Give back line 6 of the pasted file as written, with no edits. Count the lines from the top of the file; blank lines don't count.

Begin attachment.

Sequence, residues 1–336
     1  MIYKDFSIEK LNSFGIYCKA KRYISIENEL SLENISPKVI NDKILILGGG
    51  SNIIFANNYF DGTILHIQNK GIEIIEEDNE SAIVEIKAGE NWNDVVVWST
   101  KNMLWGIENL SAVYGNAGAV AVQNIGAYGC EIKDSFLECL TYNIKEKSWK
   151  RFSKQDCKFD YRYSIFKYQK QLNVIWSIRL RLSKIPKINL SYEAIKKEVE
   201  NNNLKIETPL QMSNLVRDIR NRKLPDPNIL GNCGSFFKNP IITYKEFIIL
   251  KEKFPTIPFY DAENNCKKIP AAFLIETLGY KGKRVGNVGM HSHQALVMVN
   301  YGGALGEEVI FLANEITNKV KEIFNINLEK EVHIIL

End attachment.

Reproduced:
   201  NNNLKIETPL QMSNLVRDIR NRKLPDPNIL GNCGSFFKNP IITYKEFIIL